Maybe I missed it, but I never heard an explanation of Hal being the greatest Green Lantern either. As far as I am aware, his abilities and willpower have never been described as better than the rest of the Corps. Not having heard an explanation, I fear it's because he's a Caucasian Earthman from the USA.

In one of his stories in Action Hal appears on Oprah's television show and gives "I am totally without fear" line and everyone laughs at him. Being totally without fear is a lot like saying totally without common sense which i think we can agree is not something to be admired. So I agree with Richard that is antiquated idea that has been downplayed in recent years.

The irony of calling Hal the greatest GL of all has been pretty well made moot by his actions in recent years. It does look like being the GL of Earth and star of his own book seem to be the criteria that got him so chosen.A lot of the other Lanterns we have seen over the years have (to my mind anyway) shown just as well as Hal.

I've always been an Alan Scott guy, and I've always thought his story was more interesting than Hal Jordan's (of course, it's no secret on this board that I find Hal Jordan extraordinarily uninteresting).  I also think Alan's supporting cast is more interesting as well.

That being said, my guess is that a GL movie centered around John Stewart would be quite good.  Either that or Ch'p and G'nort re-enacting the 'hard travelin' heroes' saga.

I’m with Richard. I like the John Broome, Gil Kane, and Joe Giella version best, for pretty much the same reasons he cited. I think the GLC works best as a backdrop and not a focus.

I've always thought the DC heroes were best when, other than the JLA and occasional team up stories, each operated in his own somewhat insulated world. As such, the Kane/Broome version fits the bill for me. If I am not mistaken, Murphy Anderson, Sid Greene and Kane himself inked the GL series in addition to Giella's run during this time period.

If you are talking about best looking GL then the early Kane era when Kane and the other mentioned artists were working on the book, no question.

Another thought: The Silver Age GL never really had a great rogues gallery did he? This lead to Sinestro being way over used. But other GL foes like Shark, The Black Hand, Doctor Polaris, Sonar and especially the (UGH) Tattooed Man were really lame. Especially when compared to the Flash villains.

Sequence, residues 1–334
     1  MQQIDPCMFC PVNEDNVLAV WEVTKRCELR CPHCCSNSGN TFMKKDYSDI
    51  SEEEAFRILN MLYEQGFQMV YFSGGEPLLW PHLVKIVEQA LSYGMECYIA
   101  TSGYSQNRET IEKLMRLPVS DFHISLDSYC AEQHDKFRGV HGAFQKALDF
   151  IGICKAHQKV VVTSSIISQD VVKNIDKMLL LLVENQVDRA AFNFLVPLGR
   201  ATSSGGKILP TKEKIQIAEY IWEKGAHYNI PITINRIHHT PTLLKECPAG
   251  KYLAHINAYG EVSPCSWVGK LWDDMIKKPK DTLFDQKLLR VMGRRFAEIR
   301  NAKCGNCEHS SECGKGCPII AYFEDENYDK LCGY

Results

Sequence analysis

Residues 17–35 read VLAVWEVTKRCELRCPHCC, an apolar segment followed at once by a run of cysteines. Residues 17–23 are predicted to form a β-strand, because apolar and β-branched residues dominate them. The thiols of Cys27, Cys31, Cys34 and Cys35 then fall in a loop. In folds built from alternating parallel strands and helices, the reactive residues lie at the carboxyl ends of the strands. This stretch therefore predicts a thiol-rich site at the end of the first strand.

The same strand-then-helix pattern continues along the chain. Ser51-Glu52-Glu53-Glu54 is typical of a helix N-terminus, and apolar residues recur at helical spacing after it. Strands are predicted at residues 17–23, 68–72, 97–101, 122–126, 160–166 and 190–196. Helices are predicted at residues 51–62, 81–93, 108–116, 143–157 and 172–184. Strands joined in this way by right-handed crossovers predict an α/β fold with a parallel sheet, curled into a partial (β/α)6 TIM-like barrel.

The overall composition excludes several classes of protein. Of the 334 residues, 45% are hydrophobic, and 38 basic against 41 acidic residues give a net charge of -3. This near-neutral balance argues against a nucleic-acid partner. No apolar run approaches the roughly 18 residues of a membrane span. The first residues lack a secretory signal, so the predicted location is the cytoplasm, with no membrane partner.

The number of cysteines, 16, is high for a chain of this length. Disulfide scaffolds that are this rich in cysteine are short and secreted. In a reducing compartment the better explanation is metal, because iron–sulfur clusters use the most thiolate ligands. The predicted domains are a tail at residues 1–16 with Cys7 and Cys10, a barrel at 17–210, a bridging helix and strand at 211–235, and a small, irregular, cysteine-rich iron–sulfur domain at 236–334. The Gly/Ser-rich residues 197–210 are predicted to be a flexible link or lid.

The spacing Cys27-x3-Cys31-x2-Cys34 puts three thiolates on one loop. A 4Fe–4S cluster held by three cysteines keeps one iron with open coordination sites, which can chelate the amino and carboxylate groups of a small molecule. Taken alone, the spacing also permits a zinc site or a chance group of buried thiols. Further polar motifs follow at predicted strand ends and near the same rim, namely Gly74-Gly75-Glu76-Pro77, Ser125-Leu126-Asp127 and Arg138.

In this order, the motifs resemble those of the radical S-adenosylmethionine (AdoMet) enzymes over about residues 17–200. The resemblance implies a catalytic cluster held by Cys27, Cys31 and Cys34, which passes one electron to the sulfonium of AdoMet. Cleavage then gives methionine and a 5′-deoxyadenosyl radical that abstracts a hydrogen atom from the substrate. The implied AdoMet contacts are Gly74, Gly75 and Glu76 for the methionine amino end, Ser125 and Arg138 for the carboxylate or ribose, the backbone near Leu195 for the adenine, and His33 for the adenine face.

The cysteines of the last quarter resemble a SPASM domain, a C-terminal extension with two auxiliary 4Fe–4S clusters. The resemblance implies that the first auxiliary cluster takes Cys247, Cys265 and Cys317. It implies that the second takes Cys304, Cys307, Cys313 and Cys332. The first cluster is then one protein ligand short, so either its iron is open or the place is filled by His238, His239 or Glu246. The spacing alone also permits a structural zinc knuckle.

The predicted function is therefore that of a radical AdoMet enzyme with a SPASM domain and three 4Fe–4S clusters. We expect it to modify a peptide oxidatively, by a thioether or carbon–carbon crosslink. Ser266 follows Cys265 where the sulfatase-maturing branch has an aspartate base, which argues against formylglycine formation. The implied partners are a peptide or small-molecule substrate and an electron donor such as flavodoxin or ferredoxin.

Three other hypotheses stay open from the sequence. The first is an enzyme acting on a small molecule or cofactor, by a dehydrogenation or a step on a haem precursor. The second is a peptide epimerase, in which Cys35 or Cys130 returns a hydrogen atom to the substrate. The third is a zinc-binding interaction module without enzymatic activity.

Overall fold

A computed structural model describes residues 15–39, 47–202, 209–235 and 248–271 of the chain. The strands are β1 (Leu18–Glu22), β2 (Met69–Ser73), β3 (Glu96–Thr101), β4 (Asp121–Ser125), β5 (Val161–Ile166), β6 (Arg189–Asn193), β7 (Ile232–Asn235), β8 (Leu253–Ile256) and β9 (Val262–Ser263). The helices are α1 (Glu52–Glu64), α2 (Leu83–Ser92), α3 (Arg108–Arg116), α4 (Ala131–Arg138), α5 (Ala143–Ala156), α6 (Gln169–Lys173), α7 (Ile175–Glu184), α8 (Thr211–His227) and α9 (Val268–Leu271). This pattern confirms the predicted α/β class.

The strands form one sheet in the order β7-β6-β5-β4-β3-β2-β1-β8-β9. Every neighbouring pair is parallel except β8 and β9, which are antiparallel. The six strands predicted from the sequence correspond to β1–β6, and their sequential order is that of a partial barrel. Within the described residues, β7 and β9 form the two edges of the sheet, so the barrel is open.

It was pretty much Sinestro or the Weaponers of Qward. Hard to imagine anyone else giving him a hard time.

While it sounds counter-intuitive, I've always thought that the Green Lantern Corps is what made Green Lantern unique (and yes, I'm a big fan of Alan Scott, but let's face it, he's not that different from Starman), but that said, both the Corps and the Guardians have been over-used (and misused) over the years--the Guardians work just fine as a disembodied voice from the Power Battery, sending GL on non-Earth missions in his sector, and while I can see one GL calling in one other in an emergency, bringing in any more than that should be an event, and not just, oh, it's Tuesday, here's a couple dozen Green Lanterns.  As for which Green Lantern of Earth is "definitive", that's a toughie--imho, each of them is damaged, and not in a way that provides interesting story points: Hal has become a whiner and a quitter, Guy Gardner isn't just bad tempered, he's literally brain damaged, John Stewart (in the comics) never really recovered from that whole stupidly destroying a planet thing, and while Kyle managed to improve over the years, I could never really get past his first impression, as an idiot who had never even heard of Green Lantern until he got a power ring.  If it was up to me, for a movie (or a reboot of the comic), I'd probably go with a composite version: John Stewart (the best known GL thanks to the JLU cartoon) would be Earth's Green Lantern, but instead of being an architect, he'd be an aerospace engineer working for Ferris Aircraft (Hal had the best supporting cast), and he'd be a sci-fi/fantasy buff given to the kind of over-designed ring-constructs that Kyle used.